It is important to make sure that your toothbrush isn’t too abrasive and that you use sensitive toothpaste, in order to prevent cutting or damaging your tongue during brushing. You should also avoid smoking and consuming excessive amounts of acidic liquids. If you do develop an oral infection due to accidentally biting your tongue, seek medical attention right away.
3. Enlarged or Malfunctioning Taste Buds
Many tongue problems involve inflamed, enlarged, or otherwise malfunctioning taste buds on the tongue itself. You can inflame your taste buds simply by irritating them through aggressive or accidental chewing. It’s also possible to irritate taste buds by smoking or consuming tobacco products. You may experience enlarged taste buds if you have anemia or diabetes. Consult your doctor if you are noticing this particular symptom or if you have one of these conditions.
If you lose areas of taste on your tongue itself, this could indicate many different things. You may have a throat, sinus, or salivary gland infection. You could also have a gum infection, such as gingivitis. Similarly, individuals with nerve disorders of any kind may experience loss of taste in their mouth due to impaired nerve transmissions.
It’s difficult to prevent a nerve disorder, and sometimes a throat or sinus infection. However, it is possible to take steps to prevent gum or salivary gland infections. To prevent gum infections, make sure you are targeting the gums when you brush your teeth.. You should hold your brush at a forty-five-degree angle when brushing, so as to remove particles from the gap between gum and tooth. You should definitely avoid smoking or consumption of other tobacco products. You may also wish to consult your dentist about choosing a toothpaste and mouthwash for preventing gingivitis. Salt water rinses are a good option for alleviating and preventing salivary gland infections. Avoid smoking at all costs!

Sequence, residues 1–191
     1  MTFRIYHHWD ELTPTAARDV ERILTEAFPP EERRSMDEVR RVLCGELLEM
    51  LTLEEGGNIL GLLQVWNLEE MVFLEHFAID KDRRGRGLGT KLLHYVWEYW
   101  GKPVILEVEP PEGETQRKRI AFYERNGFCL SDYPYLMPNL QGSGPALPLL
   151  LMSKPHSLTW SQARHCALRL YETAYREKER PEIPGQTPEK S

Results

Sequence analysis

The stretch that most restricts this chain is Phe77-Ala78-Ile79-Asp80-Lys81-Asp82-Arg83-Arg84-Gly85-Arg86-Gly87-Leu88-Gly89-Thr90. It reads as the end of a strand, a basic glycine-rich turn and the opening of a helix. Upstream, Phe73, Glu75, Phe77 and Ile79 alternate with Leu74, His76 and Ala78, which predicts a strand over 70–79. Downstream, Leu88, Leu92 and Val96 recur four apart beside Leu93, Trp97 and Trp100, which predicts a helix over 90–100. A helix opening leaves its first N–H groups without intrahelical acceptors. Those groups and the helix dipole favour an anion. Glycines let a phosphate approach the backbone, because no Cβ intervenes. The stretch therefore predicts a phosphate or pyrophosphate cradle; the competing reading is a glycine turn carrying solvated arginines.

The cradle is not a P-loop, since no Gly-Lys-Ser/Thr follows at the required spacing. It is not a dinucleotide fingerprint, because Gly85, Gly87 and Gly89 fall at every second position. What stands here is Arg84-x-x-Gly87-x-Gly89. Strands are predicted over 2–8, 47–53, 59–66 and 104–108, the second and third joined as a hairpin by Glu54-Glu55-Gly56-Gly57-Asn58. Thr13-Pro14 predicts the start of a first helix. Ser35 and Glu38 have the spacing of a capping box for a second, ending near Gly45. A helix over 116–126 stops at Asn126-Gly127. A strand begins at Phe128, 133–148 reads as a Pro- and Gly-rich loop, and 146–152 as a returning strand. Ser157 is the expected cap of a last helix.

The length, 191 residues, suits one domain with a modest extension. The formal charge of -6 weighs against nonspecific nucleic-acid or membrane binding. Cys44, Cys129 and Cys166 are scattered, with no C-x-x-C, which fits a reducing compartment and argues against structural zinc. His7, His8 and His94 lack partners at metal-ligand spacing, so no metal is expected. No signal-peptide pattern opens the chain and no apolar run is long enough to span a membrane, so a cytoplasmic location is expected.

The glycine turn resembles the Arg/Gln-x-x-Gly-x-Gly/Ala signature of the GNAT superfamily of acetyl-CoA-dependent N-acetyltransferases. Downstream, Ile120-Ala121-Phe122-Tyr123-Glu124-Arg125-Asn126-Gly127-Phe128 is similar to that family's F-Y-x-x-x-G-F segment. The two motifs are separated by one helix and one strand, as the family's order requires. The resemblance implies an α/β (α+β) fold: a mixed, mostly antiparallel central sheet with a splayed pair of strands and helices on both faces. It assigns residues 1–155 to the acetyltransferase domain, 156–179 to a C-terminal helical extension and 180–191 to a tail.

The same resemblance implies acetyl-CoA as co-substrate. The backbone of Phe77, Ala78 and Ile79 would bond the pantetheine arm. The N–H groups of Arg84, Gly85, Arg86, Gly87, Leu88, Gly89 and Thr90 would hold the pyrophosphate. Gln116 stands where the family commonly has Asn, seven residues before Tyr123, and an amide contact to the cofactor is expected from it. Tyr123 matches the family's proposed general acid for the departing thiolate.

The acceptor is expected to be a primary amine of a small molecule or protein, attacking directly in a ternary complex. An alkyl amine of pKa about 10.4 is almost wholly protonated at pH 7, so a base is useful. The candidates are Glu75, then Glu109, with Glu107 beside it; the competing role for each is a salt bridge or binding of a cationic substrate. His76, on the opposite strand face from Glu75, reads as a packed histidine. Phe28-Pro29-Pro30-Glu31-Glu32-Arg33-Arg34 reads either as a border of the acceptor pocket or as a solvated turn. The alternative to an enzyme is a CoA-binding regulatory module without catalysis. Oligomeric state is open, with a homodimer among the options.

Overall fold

4. Other Tongue Problems
It’s also possible to experience a burning sensation in your tongue itself. Frequently, this is something that women undergoing menopause encounter. However, it could also signal the onset of other diseases or infections. If you have a swollen tongue, this could indicate trauma of some kind (such as accidental biting). It could also point to more serious conditions such as cancer and thyroid issues. If you experience a burning or swollen tongue, consult your physician right away.
You and Your Tongue Health
When caring for your teeth and mouth, it is important not to neglect your tongue. Your ability to maintain a healthy tongue can go a long way towards preventing problems with our oral health down the road.
Learn how to recognize these common problems and know what to do to actively prevent them. In general, practicing good oral hygiene can help you steer clear of a discolored, painful, or swollen tongue.